A common mnemonic used to remember the Salter-Harris Fracture classification system based on which portion of the physeal growth plate is involved. It includes S- Slipped, M- Metaphysis, A- Articular, C - Complete, K - Krushed.
A fracture of the physeal hypertrophic zone, with no involvement of the growth zone. Any issues with growth and development from this kind of fracture are rare. The width of the physis will be widened slightly and the child will often present with pain at the site of the epiphyseal plate.
The most common type and is “Above” the growth plate involving the metaphysis and physis without involving the epiphysis. Minimal shortening of the limb is possible with Type 2 injuries and any future functional issues are rare.
This involves a hypertrophic fracture of the physis which extends into the epiphysis. This kind of fracture compromises the growth plate and can lead to chronic disability, though deformities are still rare with Type 3’s. Surgery is often required to repair a Type 3 Salter-Harris fracture before it can cause growth and development issues.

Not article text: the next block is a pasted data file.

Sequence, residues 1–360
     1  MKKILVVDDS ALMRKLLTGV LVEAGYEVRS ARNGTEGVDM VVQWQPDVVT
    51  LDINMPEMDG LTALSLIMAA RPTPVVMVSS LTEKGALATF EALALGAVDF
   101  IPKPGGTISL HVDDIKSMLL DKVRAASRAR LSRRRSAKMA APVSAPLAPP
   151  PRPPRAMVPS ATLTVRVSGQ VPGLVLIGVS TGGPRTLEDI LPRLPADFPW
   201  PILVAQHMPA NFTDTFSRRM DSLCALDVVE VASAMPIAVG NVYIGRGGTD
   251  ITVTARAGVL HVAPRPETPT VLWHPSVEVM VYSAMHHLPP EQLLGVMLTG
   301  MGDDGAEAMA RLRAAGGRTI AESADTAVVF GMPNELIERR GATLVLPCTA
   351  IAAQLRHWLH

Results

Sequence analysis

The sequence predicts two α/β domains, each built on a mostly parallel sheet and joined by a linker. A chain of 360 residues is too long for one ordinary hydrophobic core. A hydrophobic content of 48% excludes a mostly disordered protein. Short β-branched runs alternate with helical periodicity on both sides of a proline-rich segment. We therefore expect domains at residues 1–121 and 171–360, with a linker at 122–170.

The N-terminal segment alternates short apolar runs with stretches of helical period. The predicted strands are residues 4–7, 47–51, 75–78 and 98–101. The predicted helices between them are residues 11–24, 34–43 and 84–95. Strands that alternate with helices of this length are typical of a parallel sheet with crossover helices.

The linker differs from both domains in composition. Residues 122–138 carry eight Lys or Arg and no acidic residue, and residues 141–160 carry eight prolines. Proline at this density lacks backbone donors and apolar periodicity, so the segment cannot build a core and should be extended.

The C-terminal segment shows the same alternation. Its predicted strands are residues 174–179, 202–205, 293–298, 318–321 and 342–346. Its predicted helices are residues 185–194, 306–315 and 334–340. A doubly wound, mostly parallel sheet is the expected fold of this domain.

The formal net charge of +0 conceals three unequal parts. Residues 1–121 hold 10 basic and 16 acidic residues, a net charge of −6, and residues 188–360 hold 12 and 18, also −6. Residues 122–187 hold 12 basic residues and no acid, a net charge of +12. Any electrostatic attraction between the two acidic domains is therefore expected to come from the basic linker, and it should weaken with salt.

A fracture of the epiphysis, metaphysis and physis which can result in chronic disability. If left untreated, it can also lead to premature focal fusion of the joint and thus joint deformity.
This refers to a compression or crushing injury of the epiphyseal plate due to an axial load injury. It is associated with growth retardation of the affected limb and has a poor functional prognosis. Diagnosis is often difficult.
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